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Dark Monday L4L.08


Image by matthileo via Flickr


You are like light for the whole world. A city built on a hill cannot be hidden. No one lights a lamp and puts it under a bowl; instead he puts it on the lamp-stand, where it gives light for everyone in the house. In the same way your light must shine before people, so that they will see the good things you do and praise your Father in heaven.Matthew 5:14-16 (The Good News Translation)

We’re far too familiar with these words, Lord. Wake us up to Your LIVING WORD today! Make Your words leap off of the screen and into our hearts as we read them again…

Here’s another way to put it: You’re here to be light, bringing out the God-colors in the world. God is not a secret to be kept. We’re going public with this, as public as a city on a hill. If I make you light-bearers, you don’t think I’m going to hide you under a bucket, do you? I’m putting you on a light stand – shine! Keep open house; be generous with your lives. By opening up to others, you’ll prompt people to open up with God, this generous Father in heaven.” Matthew 5:14-16 (The Message)

I heard a seminary professor say, in a recent meeting, that WORSHIP should be REHEARSAL for Christians, so that they are prepared to perform their faith when they leave the building on Sunday mornings.

Yet, in many of our churches, worship is actually a performance.

Think about it. Even if it makes you squirm, you have to admit that there are elements of performance in much of how we have allowed our worship services to be shaped.

Rows and rows of benches or chairs, all facing the front of the room.

Elevated platform in the front, where the speaker(s) stand to address the listeners.

Microphones are given to those who are prepared to speak and sing.

We pick up an outline of the service when we enter, which is given to us by an usher.

Should I go on? Because it seems to me that the only ones rehearsing anything in many Christian churches on most Sunday mornings are the pastor and the praise team, and maybe the lay reader and the acolyte. The rest of us… well, what do the rest of us do?


‘Dark’ is a theater term which means that a show does not have a performance that day. You might say that most churches are ‘dark’  Mondays, meaning that the planned, organized, communal gatherings of Sunday morning are over for the week. If someone walks into your church looking forward to worship on a Monday morning, in all likelihood they are out of luck. The lights in the office may be on, but the sanctuary, as they say in show biz, is ‘dark.’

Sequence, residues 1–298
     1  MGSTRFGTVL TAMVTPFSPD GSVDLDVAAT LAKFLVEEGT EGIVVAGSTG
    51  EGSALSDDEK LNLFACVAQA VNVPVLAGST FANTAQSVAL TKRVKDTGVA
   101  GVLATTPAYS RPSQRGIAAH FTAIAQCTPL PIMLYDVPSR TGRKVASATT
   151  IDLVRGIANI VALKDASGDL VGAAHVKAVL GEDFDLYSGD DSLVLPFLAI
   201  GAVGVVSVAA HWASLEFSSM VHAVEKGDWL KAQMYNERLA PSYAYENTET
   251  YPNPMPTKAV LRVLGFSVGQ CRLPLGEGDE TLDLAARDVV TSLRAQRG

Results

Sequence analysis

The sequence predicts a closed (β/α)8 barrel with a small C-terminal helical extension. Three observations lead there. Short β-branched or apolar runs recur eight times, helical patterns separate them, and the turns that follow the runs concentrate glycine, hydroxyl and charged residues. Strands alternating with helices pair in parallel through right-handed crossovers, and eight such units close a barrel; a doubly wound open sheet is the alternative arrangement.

Now, this is actually okay if we subscribe to the idea that worship is our rehearsal time – that the main event for those who follow Jesus begins when we exit the building. After all, for church buildings to be dark on days other than Sunday ought to mean that the real action is out there – at my workplace, in your home, on our streets, in our neighborhoods.

Isn’t this what Jesus is saying in Matthew 5:14-16? Doesn’t He tell us that each one of us is here for the purpose of bringing the Light into the world?

If church is our staging area, then it should be dark Mondays! And Tuesday – Saturday, for that matter.

What we don’t get from Jesus in this text is an invitation to go dark in our real-time faith walk. In fact, quite the opposite is said…

We are light-bearers!

We’ve been put on a lamp stand!

We’re like a city, up high on a hill, shining its light warmly in the night!

Light for the whole house – the whole world!

Jesus is telling us that our life of worship – everything we say and do in front of others – should look and sound like the old Motel 6 commercial: We’ll leave the light on for you!

Newsflash, my friends: church itself is not the light. We are.

Resist the urge to do what many who attend worship on Sunday will do again, today, when the light of their witness in this world gets shoved under a bucket so that their own show can go on. Fight the temptation to go dark Monday.